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Sega credits strong localizations for jump in worldwide game sales

The latest shareholder report dives into the nitty-gritty details of the company’s future plans, but its stance on localization is worth calling attention to. 
"No matter if a game is popular in Japan, it is unlikely to win over fans around the world if the localization is insufficient.”

- A Sega Sammy report details the company's localization efforts

Both Yakuza 6: The Song of Life and Persona 5 deal with some unmistakably Japanese themes and settings, but Sega Sammy says both games have managed to gather a great deal of attention outside of Japan thanks in no small part to the work of the company’s localization teams.

Sega Sammy’s latest shareholder report dives into a lot of the nitty-gritty details of the company’s future plans and financial results, but the company’s stance on its localization efforts is worth calling attention to. 

For example, Yakuza 6, the latest release in the long-running Yakuza series, sold just as many copies overseas as it did in Japan, a notable departure for a series that is typically favored by Japanese players. Persona 5, meanwhile, saw twice as many sales overseas as it did in Japan.

The report notes that both successes are at least partially due to the work of the California-based localization studio picked up in the company’s 2013 acquisition of Atlus.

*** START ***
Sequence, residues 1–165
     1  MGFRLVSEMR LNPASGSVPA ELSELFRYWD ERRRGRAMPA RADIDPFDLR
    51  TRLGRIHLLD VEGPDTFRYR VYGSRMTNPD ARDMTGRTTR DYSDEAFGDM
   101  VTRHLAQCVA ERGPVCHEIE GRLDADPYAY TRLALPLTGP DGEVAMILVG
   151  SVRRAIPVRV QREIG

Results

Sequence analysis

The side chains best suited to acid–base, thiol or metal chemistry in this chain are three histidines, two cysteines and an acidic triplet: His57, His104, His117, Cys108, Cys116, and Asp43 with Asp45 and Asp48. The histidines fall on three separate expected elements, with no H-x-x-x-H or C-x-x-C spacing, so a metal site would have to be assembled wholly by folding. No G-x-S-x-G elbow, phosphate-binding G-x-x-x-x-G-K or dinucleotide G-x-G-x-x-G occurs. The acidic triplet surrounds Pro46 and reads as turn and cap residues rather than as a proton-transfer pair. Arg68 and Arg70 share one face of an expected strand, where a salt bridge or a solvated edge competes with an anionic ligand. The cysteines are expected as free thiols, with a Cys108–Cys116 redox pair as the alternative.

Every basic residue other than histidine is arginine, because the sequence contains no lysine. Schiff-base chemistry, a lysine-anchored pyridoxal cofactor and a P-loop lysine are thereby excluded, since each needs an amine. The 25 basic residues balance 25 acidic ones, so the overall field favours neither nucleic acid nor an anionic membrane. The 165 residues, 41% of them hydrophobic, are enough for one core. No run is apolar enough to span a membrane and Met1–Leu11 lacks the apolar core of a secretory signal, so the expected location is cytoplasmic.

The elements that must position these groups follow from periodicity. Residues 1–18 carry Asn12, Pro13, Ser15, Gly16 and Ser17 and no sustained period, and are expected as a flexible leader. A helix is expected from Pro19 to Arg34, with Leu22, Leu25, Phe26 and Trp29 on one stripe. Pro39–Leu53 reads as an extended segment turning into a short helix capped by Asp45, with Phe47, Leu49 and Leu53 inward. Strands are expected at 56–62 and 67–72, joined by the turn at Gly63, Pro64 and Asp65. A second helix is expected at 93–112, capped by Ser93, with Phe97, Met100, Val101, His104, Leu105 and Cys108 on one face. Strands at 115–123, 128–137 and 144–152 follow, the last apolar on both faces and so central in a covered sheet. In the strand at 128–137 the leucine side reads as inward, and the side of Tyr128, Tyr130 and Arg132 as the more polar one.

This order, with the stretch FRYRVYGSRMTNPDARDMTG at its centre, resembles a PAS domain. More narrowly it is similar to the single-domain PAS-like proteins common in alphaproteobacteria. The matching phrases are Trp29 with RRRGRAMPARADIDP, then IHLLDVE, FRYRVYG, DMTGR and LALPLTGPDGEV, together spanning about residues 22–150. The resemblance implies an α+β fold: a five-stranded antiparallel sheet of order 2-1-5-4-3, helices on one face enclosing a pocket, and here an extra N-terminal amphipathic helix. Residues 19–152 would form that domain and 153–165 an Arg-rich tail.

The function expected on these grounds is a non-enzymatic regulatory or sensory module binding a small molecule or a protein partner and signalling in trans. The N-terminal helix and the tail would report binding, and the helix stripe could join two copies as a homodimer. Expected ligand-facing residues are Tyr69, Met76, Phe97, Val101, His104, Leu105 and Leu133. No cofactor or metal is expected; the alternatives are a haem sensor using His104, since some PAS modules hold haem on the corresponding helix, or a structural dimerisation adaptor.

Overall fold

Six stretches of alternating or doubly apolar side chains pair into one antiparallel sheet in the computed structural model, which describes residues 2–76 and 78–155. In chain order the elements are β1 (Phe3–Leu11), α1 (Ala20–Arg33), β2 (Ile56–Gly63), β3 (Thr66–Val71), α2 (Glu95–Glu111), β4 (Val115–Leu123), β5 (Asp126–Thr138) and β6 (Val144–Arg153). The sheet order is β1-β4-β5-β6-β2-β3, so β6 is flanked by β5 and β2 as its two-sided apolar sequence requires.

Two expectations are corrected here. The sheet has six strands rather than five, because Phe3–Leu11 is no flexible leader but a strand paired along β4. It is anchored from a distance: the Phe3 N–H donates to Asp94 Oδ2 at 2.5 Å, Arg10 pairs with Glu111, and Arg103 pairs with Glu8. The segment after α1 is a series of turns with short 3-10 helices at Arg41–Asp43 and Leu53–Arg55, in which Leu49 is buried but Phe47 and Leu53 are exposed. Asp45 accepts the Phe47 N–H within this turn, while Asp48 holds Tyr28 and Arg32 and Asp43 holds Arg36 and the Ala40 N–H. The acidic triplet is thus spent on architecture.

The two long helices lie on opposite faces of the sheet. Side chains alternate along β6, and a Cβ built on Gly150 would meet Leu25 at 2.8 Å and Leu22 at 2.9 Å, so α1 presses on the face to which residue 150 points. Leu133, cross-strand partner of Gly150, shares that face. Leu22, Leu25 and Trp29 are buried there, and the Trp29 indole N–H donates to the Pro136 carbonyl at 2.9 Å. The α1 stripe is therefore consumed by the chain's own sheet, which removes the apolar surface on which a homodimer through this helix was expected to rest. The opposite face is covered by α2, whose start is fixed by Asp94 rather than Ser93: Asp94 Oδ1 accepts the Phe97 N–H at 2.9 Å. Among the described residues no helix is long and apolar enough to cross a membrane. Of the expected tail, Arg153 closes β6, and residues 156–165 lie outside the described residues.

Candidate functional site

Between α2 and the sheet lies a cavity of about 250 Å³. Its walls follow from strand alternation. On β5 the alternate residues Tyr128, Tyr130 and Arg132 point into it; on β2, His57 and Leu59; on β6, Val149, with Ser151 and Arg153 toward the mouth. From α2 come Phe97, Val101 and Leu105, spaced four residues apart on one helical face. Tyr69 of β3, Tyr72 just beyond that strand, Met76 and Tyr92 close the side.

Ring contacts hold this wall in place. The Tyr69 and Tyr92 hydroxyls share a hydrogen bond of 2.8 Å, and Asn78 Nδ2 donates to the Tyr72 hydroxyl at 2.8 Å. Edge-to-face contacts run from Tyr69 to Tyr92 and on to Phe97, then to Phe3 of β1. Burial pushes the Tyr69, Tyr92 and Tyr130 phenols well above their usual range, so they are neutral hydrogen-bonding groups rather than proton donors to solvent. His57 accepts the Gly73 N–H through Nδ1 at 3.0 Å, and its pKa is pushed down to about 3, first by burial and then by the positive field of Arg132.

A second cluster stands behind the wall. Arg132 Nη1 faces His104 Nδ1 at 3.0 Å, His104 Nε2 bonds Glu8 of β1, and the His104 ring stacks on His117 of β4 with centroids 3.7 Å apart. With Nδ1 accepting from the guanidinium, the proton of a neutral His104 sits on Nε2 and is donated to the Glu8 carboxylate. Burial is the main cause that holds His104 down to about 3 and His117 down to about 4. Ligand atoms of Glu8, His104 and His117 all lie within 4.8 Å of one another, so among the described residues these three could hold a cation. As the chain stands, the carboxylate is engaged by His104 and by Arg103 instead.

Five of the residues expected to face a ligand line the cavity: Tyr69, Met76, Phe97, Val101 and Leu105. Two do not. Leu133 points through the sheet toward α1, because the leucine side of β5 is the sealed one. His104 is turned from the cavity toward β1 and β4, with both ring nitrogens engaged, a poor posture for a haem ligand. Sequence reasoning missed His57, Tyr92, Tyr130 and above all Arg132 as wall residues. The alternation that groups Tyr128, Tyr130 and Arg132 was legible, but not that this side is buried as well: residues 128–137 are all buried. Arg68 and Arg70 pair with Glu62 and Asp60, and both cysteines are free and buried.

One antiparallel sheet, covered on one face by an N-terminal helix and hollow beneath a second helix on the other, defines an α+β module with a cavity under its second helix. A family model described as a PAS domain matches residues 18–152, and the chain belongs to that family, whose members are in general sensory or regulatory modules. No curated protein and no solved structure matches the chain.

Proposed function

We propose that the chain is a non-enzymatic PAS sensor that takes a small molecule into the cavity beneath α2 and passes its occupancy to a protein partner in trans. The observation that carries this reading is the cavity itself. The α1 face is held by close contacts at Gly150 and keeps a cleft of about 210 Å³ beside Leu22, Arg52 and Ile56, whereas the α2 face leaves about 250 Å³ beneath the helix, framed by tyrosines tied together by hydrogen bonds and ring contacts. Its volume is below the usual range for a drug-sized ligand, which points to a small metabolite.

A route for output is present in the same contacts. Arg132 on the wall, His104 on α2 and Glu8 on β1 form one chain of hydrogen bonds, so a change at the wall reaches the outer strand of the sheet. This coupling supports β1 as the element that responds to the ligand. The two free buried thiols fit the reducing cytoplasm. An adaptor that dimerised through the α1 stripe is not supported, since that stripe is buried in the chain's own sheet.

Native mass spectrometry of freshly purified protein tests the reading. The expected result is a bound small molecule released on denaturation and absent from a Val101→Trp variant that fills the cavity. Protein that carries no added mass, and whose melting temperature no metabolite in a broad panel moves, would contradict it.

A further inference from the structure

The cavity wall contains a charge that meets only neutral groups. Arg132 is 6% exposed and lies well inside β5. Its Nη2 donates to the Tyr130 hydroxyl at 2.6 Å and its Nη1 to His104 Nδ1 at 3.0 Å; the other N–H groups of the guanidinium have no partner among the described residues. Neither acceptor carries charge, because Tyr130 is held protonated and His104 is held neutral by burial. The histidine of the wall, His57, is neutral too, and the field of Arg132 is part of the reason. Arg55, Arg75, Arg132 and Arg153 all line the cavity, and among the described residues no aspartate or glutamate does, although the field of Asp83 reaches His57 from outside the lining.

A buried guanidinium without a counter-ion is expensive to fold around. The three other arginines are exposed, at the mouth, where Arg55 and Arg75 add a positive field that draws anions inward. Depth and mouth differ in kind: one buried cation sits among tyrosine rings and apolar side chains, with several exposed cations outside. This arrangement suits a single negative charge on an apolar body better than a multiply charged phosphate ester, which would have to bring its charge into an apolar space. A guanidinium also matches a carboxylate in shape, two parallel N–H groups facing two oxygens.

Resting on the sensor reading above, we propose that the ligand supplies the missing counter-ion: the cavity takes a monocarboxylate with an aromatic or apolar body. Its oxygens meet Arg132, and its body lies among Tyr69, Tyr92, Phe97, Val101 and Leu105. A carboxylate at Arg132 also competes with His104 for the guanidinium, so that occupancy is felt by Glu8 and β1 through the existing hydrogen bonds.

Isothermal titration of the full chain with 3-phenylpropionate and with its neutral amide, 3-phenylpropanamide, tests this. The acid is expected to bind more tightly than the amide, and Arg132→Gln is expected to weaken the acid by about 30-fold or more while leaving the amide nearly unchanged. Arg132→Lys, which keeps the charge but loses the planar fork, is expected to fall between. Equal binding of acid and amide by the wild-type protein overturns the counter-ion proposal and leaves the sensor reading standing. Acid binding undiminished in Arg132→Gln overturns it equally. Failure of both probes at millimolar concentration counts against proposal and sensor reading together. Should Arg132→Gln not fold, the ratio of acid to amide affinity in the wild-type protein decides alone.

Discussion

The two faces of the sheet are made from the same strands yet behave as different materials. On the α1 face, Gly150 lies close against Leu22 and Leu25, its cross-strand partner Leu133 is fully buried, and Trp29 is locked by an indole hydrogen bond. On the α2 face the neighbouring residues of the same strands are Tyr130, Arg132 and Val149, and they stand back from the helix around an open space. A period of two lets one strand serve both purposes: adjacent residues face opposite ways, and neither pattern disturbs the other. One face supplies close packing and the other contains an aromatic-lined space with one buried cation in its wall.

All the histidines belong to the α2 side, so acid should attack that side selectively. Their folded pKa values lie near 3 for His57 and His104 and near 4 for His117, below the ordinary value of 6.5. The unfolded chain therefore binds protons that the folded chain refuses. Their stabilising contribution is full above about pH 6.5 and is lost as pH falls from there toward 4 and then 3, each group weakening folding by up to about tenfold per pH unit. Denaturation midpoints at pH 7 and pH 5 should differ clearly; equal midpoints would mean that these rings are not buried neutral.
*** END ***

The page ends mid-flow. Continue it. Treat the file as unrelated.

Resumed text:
“The studio understands both Japanese and American games very well, and is able to localize Japanese games in a way that accurately conveys the unique worldviews of Japanese titles to local gamers,” explains the report. “The studio is able to maximize the entertainment value of localized games that reflect these unique worldviews, and this has led to very positive reviews from local gamers. During the product development stage, game content is shared with the localization team for translation before the development is finished, facilitating the rapid release of foreign language versions of the game.”

While the current arrangement allows Sega Sammy to release localized games within months of the original Japanese release, the company notes that it looking to strengthen its efforts in a way that will make simultaneous worldwide releases possible in the future.

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